I’m sure that at some point in your life, you thought writing was a glamorous profession. There’s no shame in that. I did too. I thought I would spend my days in pajamas, drinking copious amounts of coffee, and creating beautiful prose with no effort at all. And then I would be off to book signings and on book tours in Greece. Granted, I was 8. What did I know?
I’m not sure exactly when that started to change … probably when I started to actually write. I would sit down, grab my pen, and open up my notepad (because to my 10-year-old mind, using a laptop just sort of spoiled the image of “artist” in my head). I would then proceed to stare into space, waiting for the infamous muse to arrive. After a half-hour, I would be shocked that I hadn’t written anything other than “MY STORY” on the page. I seemed to think that inspiration would just hit me, that the words would literally flow from my fingertips. I thought calling myself a writer was enough.
Boy, was I wrong.
It took me a few years, but I finally did.
Writing is a skill involving endurance and discipline. I think the act of writing itself teaches discipline.
Because you are your own boss for the most part, you have to motivate yourself to get up every day, sit your butt down on your favorite writing chair (we all have one), and write. And even when it’s hard—you know, those times when it seems like the pipe of our creativity is clogged with our equivalent of a hairball—even then, we know we have to write anyway because it’s not just a job. It’s who we are. Because without writing, our lives lose part of their meaning. .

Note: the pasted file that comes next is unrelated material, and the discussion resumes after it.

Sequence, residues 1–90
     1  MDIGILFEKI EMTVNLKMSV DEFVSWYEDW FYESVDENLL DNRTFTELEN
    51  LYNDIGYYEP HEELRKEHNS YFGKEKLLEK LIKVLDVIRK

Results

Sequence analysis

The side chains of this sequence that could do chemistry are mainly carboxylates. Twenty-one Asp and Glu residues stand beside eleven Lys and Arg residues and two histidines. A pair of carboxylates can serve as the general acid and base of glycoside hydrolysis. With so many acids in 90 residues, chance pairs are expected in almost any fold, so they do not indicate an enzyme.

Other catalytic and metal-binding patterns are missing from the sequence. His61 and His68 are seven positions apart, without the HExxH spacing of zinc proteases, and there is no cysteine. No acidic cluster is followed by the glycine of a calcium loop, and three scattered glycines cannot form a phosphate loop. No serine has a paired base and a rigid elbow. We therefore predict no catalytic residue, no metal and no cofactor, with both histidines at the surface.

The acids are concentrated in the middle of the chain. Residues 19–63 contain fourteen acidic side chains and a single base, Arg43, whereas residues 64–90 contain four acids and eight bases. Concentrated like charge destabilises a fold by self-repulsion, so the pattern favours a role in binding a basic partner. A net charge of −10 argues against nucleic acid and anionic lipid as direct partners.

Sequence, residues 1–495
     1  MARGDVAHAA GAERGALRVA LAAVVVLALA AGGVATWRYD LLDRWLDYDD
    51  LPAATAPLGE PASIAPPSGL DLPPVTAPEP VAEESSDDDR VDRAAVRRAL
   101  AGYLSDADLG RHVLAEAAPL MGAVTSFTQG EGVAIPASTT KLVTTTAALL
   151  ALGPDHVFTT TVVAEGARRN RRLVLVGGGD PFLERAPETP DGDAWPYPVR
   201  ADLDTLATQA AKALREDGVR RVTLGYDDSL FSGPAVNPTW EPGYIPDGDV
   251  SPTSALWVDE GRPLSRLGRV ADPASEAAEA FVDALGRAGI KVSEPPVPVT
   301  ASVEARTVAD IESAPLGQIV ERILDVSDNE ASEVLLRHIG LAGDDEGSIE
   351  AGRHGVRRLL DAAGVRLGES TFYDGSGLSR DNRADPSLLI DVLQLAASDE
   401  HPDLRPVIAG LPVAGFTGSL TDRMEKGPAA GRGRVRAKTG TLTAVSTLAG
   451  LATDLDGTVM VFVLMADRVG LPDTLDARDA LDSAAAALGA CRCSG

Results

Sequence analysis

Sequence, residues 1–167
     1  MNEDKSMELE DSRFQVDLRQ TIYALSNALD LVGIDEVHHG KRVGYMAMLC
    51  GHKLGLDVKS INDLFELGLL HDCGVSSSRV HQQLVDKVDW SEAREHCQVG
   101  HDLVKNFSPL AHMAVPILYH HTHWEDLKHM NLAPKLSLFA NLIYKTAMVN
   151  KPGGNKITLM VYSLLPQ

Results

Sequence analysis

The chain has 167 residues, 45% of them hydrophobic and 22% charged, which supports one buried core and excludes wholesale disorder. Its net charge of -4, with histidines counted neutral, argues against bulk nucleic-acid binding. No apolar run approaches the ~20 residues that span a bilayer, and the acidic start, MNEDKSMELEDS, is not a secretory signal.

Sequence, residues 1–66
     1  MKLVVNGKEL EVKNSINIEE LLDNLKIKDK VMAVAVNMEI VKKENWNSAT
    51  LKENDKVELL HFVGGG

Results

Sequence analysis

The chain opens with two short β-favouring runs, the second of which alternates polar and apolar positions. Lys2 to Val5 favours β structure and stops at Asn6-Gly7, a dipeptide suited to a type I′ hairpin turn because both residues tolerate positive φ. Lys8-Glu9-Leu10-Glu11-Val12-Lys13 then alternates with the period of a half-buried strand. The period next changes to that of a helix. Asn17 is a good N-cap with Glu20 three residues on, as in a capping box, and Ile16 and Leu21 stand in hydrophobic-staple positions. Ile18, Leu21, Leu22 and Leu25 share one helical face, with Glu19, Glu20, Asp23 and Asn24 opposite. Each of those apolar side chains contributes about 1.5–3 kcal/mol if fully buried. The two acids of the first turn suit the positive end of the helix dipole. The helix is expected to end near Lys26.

A lot of people catch the writing bug, but not a lot of them can actually stand the sniffling—not a lot of them actually make it as writers.
I personally believe that writing chooses you. Through tests of discipline, endurance, self-control, and perseverance—all of which are writing itself—it is able to sieve out those not disciplined enough or patient enough to persevere in an act that can sometimes be painful and yield little results.
Even with a deadline looming, it’s still as easy to lose focus and drive and to fail in our obligation to create engaging content.
What I wouldn’t give to be able to do nothing but write all day. When life brings its own problems, it’s difficult meeting up with deadlines. It would be so easy to just let it fall away from my life and become just one of those things that never worked out. In fact, just last month, I had a creative meltdown where I really seriously considered quitting.
As a wise woman once told me, if something is important enough, you’ll make time to do it no matter what. As this woman has maybe four or five jobs (no kidding!) plus growing children and still manages to keep up, I have to assume she knows what she’s talking about.
But maybe like me, you can feel your creativity ebbing. You no longer feel excited at the prospect of a new project, you no longer look for new opportunities to improve your writing, you barely make deadlines. Or you miss them all together. Maybe research has become a burden. Maybe you’ve become so overwhelmed by the thought of writing that you can’t seem to begin anything at all.